ensure the highest quality employer relations and services. Within the context of these principles,
                career services must:
                  o Develop strategic objectives for employer relations/services and job development that yield
                     maximum opportunities for the institution’s students and other designated clients.
                  o Develop, maintain, and enhance relationships with employers who may provide career
                     development and employment opportunities for students and other designated clients.
                  o Enhance customer service and foster continuous improvement by using feedback from employers
                     on key performance indicators and measures of services.
                  o Inform, educate, and consult with employers on the nature of services provided and student
                     candidates’ availability.
                  o Actively involve employers in on‐campus programs that meet career and employment needs of
                     students and other designated clients.
                  o Promote employer adherence to professional and ethical standards that serve as conduct models
                     for students and other designated clients.
                  o Provide employer feedback to faculty, administrators, and students on the students’ preparation
                     for jobs, the curricula, and the hiring process.
            Career services must not give preferential treatment to specific employers. Employers must be treated
                uniformly and consistently.
            Career services must offer a variety of services to employers that ultimately reflect the match between
                student interests and employer needs.
           National Association of Colleges and Employers12

           12
                Taken verbatim from “Professional Standards for College & University Career Services.” National Association of
                 Colleges and Employers. https://www.naceweb.org/knowledge/professional‐standards‐for‐college‐and‐
                 university‐career‐services.aspx#ix

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           BENCHMARKS AND BEST PRACTICES
           Once strategy and networks have been established, the Roadmap recommends providing as
           many opportunities as possible for students to connect with and directly learn from a wide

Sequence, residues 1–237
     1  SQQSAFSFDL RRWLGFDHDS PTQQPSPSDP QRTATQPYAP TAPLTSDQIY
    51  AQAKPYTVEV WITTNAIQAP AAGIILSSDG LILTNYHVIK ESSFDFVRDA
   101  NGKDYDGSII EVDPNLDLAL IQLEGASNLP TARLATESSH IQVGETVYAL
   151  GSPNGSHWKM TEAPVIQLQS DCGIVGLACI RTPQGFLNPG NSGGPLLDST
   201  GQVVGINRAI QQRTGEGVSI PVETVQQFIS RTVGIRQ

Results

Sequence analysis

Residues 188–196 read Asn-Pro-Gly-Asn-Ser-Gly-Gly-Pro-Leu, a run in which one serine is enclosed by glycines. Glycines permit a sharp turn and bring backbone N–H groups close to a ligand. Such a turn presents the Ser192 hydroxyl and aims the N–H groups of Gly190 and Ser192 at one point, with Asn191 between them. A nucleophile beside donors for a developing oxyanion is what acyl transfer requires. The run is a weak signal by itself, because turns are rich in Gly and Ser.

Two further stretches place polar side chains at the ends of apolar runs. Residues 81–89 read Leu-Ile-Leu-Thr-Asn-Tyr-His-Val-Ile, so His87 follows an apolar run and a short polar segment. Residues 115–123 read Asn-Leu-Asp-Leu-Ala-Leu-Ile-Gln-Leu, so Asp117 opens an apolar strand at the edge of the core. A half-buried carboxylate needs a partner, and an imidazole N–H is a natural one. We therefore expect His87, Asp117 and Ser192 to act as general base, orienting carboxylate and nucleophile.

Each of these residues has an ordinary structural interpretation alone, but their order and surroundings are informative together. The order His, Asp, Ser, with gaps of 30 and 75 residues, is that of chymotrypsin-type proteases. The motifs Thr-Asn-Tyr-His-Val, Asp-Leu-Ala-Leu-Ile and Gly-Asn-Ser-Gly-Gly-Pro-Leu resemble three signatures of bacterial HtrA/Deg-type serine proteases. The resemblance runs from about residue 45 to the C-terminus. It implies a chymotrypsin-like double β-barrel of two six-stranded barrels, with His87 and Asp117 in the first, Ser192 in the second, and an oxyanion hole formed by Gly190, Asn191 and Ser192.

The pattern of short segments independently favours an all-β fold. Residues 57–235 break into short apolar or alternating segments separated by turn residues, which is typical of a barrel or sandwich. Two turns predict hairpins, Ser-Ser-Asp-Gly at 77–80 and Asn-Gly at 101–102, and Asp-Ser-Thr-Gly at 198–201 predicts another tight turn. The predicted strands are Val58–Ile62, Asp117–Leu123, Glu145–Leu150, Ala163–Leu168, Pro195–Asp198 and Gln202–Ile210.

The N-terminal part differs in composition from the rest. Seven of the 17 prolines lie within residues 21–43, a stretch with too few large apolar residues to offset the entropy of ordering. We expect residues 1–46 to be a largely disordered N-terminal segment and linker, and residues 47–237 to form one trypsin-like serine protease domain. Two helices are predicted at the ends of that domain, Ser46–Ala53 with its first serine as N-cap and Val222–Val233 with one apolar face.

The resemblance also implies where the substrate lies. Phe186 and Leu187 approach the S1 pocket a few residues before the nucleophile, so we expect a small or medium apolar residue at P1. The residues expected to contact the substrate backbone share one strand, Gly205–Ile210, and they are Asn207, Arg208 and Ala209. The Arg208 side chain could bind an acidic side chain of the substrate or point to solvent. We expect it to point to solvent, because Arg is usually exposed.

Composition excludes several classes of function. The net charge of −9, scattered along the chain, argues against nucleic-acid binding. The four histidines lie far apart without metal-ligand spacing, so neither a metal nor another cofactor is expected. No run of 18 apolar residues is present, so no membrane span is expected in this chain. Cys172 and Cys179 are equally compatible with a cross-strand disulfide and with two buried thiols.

variety of employers. 13 This parallels NACE’s recommendation to create multiple
           opportunities for employers to interact directly with students as well as career service
           staff.14 NACE also emphasizes that regardless of the program, career development is more
           effective if introductions to career services and counseling are built into the first semester
           of college rather than accessed on a needs basis in a student’s last year when they begin the
           job search in earnest.15 Of career services programs, 85 percent have centralized operations
           at a facility like a career center, and 57 percent are based out of the student affairs office.16

           The NACE 2012‐2013 Career Services Benchmark Survey found that the most common
           services which directly connect students to employers include internship assistance, on‐
           campus interviews, career fairs, and workshops.17 More than 90 percent of career centers
           hold career fairs, an average of three per year.18 Recruiters ranked career fairs as the most
           common method of creating a brand on campus, along with corporate websites.19 Career
           fairs can foster employment engagement to a particularly high degree if they include panel
           discussions where students can ask questions.20 The 2013 NACE Internship & Co‐op survey
           found that career fairs and on‐campus recruiting were rated highest in effectiveness for
           recruiting interns, while job listings on career services’ websites were ranked third. This is in
           keeping with another finding, that recruiters prefer high‐touch methods for intern
           recruiting.21 Of employers that engage in recruiting at higher education institutions, 75
           percent use on‐campus interviews.22 Of career services programs, 62 percent have formal
           on‐campus interview programs.23 Employers chose to target schools for recruitment based
           on academic programs available, perceived institution quality, and past recruiting
           experience.24